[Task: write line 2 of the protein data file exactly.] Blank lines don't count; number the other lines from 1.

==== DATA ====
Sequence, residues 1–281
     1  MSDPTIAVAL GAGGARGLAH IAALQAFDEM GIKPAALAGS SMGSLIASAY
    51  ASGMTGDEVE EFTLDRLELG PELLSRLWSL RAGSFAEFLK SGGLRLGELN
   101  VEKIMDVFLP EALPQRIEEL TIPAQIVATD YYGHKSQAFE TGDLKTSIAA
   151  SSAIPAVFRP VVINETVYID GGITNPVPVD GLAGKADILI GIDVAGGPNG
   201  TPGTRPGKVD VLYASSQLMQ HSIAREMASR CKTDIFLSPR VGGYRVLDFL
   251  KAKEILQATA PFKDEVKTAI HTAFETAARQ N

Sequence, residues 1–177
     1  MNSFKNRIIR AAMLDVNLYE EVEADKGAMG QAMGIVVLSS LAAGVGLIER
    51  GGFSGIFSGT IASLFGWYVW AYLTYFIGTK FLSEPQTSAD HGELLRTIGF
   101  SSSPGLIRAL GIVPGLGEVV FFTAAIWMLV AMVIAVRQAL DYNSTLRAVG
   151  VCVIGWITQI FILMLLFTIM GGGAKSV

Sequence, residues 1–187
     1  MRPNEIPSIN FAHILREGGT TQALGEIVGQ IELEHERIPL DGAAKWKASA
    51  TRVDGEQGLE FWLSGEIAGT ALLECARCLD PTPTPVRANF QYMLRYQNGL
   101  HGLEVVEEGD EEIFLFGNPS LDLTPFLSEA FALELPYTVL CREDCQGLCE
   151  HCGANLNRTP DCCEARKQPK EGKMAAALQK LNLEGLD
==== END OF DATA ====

     1  MSDPTIAVAL GAGGARGLAH IAALQAFDEM GIKPAALAGS SMGSLIASAY